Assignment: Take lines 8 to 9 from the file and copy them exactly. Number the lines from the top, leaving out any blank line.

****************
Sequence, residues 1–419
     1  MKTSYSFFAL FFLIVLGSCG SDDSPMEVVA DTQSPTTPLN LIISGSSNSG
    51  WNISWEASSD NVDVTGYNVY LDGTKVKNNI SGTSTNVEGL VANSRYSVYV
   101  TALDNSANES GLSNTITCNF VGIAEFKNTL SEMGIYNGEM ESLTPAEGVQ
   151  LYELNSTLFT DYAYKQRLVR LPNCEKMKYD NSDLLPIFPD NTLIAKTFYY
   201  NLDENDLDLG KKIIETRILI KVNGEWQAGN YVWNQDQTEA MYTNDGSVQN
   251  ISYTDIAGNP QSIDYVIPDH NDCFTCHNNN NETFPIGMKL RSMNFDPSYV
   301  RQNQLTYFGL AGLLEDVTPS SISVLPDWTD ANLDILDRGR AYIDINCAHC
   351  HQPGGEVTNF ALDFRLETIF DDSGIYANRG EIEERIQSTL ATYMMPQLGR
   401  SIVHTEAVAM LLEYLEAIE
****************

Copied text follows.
   301  RQNQLTYFGL AGLLEDVTPS SISVLPDWTD ANLDILDRGR AYIDINCAHC
   351  HQPGGEVTNF ALDFRLETIF DDSGIYANRG EIEERIQSTL ATYMMPQLGR